to go to that battle! What had I done to you? I pardon you,
but you will never do it again. A little while ago, when they
came to tell us to come to you, I still thought that I was about
to die, but it was from joy. I was so sad! I have not taken
the time to dress myself, I must frighten people with my looks!
What will your relatives say to see me in a crumpled collar?
Do speak! You let me do all the talking. We are still in the Rue
de l'Homme Arme. It seems that your shoulder was terrible.
They told me that you could put your fist in it. And then, it seems
that they cut your flesh with the scissors. That is frightful.
I have cried till I have no eyes left. It is queer that a person
can suffer like that. Your grandfather has a very kindly air.
Don't disturb yourself, don't rise on your elbow, you will
injure yourself. Oh! how happy I am! So our unhappiness is over!
I am quite foolish. I had things to say to you, and I no longer
know in the least what they were. Do you still love me? We live
in the Rue de l'Homme Arme. There is no garden. I made lint all
the time; stay, sir, look, it is your fault, I have a callous on my
"Angel!" said Marius.
Angel is the only word in the language which cannot be worn out.
No other word could resist the merciless use which lovers make
Then as there were spectators, they paused and said not a word more,
contenting themselves with softly touching each other's hands.
M. Gillenormand turned towards those who were in the room and cried:
"Talk loud, the rest of you. Make a noise, you people behind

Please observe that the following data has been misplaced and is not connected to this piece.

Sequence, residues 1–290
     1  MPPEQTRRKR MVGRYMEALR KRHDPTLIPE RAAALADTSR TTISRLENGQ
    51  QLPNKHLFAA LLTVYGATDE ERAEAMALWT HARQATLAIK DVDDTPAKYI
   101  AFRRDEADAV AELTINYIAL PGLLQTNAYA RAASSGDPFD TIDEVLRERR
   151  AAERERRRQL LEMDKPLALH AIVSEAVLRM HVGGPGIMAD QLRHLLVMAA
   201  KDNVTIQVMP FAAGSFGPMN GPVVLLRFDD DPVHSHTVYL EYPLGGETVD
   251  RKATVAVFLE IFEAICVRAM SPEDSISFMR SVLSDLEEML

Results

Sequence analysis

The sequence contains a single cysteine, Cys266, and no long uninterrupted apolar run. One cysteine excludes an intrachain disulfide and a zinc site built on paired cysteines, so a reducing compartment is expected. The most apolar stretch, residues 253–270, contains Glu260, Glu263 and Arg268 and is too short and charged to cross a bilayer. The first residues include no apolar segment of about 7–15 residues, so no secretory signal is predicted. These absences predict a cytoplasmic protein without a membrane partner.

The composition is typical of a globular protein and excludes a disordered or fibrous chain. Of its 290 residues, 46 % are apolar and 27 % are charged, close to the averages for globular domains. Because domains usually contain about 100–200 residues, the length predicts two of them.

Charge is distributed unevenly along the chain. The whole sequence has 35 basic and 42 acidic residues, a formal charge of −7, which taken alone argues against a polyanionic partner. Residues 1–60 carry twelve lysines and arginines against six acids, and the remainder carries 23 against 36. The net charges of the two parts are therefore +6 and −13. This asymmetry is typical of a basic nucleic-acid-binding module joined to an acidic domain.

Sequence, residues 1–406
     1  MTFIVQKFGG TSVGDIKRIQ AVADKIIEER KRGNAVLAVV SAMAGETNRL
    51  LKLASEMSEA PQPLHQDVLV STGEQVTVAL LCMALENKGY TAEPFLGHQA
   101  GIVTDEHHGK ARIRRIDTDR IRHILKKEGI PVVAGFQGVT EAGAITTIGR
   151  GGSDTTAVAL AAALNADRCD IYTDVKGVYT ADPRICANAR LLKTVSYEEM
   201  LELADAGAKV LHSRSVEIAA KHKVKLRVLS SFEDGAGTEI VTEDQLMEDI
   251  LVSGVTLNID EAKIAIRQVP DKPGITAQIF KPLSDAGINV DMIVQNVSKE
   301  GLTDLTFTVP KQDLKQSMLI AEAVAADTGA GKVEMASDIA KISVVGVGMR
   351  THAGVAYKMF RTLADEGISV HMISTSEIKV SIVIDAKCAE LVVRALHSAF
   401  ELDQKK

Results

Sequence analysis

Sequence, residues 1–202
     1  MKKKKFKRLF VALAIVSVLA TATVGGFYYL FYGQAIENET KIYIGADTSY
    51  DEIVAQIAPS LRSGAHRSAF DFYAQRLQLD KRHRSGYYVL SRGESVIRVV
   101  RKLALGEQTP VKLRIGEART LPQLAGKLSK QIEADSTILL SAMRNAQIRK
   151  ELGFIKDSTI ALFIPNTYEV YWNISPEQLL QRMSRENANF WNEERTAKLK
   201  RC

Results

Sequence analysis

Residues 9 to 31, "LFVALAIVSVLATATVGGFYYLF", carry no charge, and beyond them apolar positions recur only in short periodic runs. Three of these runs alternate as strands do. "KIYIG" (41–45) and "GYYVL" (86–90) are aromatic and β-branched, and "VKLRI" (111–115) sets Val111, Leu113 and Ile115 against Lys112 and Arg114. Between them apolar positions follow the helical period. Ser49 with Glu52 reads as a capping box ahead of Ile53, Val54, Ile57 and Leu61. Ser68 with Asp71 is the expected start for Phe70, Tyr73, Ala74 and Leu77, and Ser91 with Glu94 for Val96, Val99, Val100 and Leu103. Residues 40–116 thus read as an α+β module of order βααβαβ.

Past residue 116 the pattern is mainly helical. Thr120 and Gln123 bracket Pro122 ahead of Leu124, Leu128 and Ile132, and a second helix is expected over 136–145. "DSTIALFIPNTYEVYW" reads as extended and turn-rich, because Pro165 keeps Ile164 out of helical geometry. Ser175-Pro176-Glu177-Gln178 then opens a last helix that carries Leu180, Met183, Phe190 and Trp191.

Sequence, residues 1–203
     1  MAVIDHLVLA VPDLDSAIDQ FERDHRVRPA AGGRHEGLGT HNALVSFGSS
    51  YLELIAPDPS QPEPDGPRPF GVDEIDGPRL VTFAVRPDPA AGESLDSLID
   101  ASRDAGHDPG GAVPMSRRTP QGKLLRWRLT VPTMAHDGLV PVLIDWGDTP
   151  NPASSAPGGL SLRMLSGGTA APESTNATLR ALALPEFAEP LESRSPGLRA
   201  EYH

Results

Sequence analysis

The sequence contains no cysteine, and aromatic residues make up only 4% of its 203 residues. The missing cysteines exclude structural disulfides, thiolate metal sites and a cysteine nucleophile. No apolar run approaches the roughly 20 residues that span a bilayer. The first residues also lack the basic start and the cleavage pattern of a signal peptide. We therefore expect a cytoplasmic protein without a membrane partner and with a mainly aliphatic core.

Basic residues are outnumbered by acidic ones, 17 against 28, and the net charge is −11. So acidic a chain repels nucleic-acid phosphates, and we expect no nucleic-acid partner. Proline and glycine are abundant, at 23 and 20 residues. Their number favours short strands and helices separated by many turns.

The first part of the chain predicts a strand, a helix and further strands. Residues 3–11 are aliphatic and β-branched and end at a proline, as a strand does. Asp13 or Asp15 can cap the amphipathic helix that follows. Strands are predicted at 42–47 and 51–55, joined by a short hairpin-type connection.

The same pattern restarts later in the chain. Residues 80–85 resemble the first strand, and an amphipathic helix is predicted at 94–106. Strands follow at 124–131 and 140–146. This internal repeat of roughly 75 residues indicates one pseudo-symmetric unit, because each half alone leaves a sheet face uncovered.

the scenes. Come, a little uproar, the deuce! so that the children
can chatter at their ease."
And, approaching Marius and Cosette, he said to them in a very
"Call each other thou. Don't stand on ceremony."
Aunt Gillenormand looked on in amazement at this irruption
of light in her elderly household. There was nothing aggressive
about this amazement; it was not the least in the world like the
scandalized and envious glance of an owl at two turtle-doves, it
was the stupid eye of a poor innocent seven and fifty years of age;
it was a life which had been a failure gazing at that triumph, love.
"Mademoiselle Gillenormand senior," said her father to her,
"I told you that this is what would happen to you."
He remained silent for a moment, and then added:
"Look at the happiness of others."
Then he turned to Cosette.
"How pretty she is! how pretty she is! She's a Greuze.
So you are going to have that all to yourself, you scamp!
Ah! my rogue, you are getting off nicely with me, you are happy;
if I were not fifteen years too old, we would fight with swords
to see which of us should have her. Come now! I am in love
with you, mademoiselle. It's perfectly simple. It is your right.
You are in the right. Ah! what a sweet, charming little wedding
this will make! Our parish is Saint-Denis du Saint Sacrament,
but I will get a dispensation so that you can be married at
Saint-Paul. The church is better. It was built by the Jesuits.
It is more coquettish. It is opposite the fountain of Cardinal
de Birague. The masterpiece of Jesuit architecture is at Namur.
It is called Saint-Loup. You must go there after you are married.
It is worth the journey. Mademoiselle, I am quite of your mind,
I think girls ought to marry; that is what they are made for.
There is a certain Sainte-Catherine whom I should always like
to see uncoiffed. It's a fine thing to remain a spinster,
but it is chilly. The Bible says: Multiply. In order to save
the people, Jeanne d'Arc is needed; but in order to make people,
what is needed is Mother Goose. So, marry, my beauties. I really